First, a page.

We sat in the Caffe delle Rose, by the beach and ate delicious Italian ice creams and fresh cannoli – Sicilian biscuits filled with cream, ricotta or chocolate. The breaking of the waves and the saltiness of the sea air is invigorating and relaxing – all at the same time.

Lunch today was at the traditional and imaginatively named ‘Osteria di Sapori Perduti’ where the menu is based on typical dishes of the Ragusa area. Fresh pasta, ‘sugo di maiale’ and involtini, tiny bread-crumbed parcels containing  ricotta, herbs and pork. The family that run the restaurant offered us complimentary coffee and a really warm welcome. After lunch we headed straight across the road to the oldest chocolate maker in Modica. Here at Bonajuto they’ve been creating Sicilian chocolate for almost 200 years. The shop is lined with polished wood cabinets filled with chocolate of all flavours, beautifully packaged and ready for dispatch worldwide. The kitchen (or laboratorio) is clearly visible and filled with gleaming stainless steel vats and sparkling work surfaces.

Next there’s a quick visit to the duomo (cathedral) of Modica, where a local pensioner takes it upon himself to give us a guided tour of the interior of the church. Curiously delivered in a mixture of Sicilian dialect and Italian it was tricky to follow his train of thought. We finally escaped unscathed after about half an hour of detailed and tedious explanation of the interior chapels and roof paintings. By now the sun was beginning to sink in the sky and we were back on the road for a drive up the hill and a view of Modica from the ‘belvedere’. Cameras out, photos taken. At that exact moment a cavalcade of 1960s Fiat 500s came powering up the hill to our vantage point. About ten of them in all, part of the Fiat 500 Club of Modica parked where we were standing. Drivers and passengers hopped out to enjoy the view. Some were from the United States. What a great way to see this area of hilltop towns and narrow, winding roads.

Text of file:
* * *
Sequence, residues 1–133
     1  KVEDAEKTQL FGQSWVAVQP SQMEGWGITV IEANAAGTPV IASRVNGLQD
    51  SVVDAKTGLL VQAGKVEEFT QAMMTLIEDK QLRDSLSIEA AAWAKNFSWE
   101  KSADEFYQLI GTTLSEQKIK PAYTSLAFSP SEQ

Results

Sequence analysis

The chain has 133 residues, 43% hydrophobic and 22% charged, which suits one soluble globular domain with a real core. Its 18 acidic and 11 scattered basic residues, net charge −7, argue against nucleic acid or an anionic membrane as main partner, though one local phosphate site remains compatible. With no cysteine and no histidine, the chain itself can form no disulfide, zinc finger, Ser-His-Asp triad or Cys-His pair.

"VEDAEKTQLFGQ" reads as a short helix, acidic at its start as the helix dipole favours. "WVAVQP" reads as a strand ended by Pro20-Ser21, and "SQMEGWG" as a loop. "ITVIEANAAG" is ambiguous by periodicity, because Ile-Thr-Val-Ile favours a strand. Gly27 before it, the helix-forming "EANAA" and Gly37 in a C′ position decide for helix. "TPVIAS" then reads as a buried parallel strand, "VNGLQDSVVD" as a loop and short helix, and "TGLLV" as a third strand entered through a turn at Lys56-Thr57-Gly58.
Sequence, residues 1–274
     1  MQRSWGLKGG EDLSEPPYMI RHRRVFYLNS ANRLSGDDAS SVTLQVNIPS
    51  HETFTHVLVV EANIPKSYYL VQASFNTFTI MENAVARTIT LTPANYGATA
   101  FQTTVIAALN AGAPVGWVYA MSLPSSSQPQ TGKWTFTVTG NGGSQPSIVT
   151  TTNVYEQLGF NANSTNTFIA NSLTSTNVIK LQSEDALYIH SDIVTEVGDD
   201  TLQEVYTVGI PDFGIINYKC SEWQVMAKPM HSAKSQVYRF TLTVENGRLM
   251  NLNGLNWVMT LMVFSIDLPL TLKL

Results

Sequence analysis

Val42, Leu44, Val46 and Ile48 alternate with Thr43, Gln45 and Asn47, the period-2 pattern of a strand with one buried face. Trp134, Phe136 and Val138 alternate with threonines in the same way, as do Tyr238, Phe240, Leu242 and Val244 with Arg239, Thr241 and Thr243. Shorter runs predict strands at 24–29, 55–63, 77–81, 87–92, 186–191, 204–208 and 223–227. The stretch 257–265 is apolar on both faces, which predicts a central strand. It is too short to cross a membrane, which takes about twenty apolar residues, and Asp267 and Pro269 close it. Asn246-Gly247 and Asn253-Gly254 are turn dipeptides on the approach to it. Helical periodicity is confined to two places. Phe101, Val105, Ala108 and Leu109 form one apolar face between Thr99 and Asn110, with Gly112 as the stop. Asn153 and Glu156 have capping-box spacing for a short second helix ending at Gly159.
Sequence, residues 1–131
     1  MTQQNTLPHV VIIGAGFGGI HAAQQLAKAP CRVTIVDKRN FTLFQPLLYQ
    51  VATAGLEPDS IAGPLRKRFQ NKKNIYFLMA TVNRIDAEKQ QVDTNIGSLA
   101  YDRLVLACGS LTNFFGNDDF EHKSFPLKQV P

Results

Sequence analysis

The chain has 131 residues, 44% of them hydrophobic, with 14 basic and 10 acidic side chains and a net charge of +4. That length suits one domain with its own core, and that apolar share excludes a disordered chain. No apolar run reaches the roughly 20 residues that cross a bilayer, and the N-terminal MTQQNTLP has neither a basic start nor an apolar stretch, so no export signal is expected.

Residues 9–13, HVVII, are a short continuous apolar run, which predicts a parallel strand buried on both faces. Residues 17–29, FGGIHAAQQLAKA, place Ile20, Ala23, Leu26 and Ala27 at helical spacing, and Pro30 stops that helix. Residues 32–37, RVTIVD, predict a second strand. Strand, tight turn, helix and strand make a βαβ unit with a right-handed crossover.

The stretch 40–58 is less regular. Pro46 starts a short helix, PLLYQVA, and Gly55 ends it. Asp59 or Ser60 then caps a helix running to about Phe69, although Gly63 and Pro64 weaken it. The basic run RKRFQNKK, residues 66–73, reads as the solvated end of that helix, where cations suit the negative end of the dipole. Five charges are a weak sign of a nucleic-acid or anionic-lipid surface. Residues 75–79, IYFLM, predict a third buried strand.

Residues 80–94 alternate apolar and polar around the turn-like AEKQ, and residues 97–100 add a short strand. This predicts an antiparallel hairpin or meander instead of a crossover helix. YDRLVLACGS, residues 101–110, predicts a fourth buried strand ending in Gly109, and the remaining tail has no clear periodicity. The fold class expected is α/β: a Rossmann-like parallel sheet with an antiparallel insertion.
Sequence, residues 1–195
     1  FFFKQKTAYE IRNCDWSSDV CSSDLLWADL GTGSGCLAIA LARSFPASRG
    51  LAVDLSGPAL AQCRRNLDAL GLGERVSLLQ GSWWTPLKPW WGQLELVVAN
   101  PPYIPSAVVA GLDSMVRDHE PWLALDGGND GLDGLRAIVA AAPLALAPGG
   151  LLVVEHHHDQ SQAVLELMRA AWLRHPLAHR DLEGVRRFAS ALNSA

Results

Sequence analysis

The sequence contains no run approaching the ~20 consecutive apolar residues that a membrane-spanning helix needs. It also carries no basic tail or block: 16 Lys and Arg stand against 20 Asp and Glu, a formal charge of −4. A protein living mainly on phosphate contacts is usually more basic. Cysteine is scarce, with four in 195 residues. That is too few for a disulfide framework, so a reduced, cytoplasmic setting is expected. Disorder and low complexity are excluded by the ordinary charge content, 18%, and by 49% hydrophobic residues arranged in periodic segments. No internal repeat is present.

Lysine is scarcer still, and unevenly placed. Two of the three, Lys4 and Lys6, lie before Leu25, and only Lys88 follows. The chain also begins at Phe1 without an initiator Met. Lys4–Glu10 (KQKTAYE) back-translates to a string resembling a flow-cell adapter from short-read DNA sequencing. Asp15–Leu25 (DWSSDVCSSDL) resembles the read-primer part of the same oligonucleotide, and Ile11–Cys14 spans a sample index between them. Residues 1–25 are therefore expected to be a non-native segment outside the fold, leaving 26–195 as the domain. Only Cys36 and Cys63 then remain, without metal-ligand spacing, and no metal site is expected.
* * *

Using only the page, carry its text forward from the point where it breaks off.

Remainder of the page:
I’m reminded of working as a tour guide in Venice, before I went to university. Several of the coach drivers had Fiat 500 cars. They’d drive their 53-seat coaches to the company garage for the night, park up and then hop into a tiny Fiat 500 to drive home. The contrast was so stark and so extreme – it always made me laugh. The Fiat 500 is embedded deep into the Italian psyche. The cars were built by Fiat in their Torino factory from the late 1950s. The idea was that Fiat would produce a small affordable car that would ‘mobilise’ the Italian people and help to develop Italy’s economy by making it’s workforce flexible and dynamic.

It’s great to see these little cars still in use. In fact Giorgio, our driver, told me proudly that he too owns a Fiat 500 and he takes it for a spin once in a while. Usually on public holidays or on Ferragosto, the main Italian holiday in August.

I’m struck by the intense pride that Sicilians feel for their island and their heritage and for all things Italian. Whilst their relationship with ‘the mainland’ has never been an easy one they love all things ‘Italian’ fine food and wines, ice cream, Fiat 500s. This corner of Sicily is doing well economically at the moment.

‘We even have a Maserati dealership in Ragusa’ Giorgio tells me proudly.

 

 

  • With special thanks to:
  • Giorgio our driver
  • Anna Fox, my friend, for ‘Montalbano’s grumpy lunches’
  • The Fiat 500 Club of Modica for turning up unexpectedly
  • Osteria dei Sapori Perduti for a wonderful lunch
  • Mary Lou Peters, Debbie Davies, Barbara Hogan, Kate Marshall for their enthusiasm – thanks ladies!
  • This is the first of a number of articles I have written about Sicily – you can find them all on The Educated Traveller blog
  • Sicily is the most culturally and historically rich area I’ve visited in years.
  • Comments and observations are welcome!
  • Contact: janet@educated-traveller.com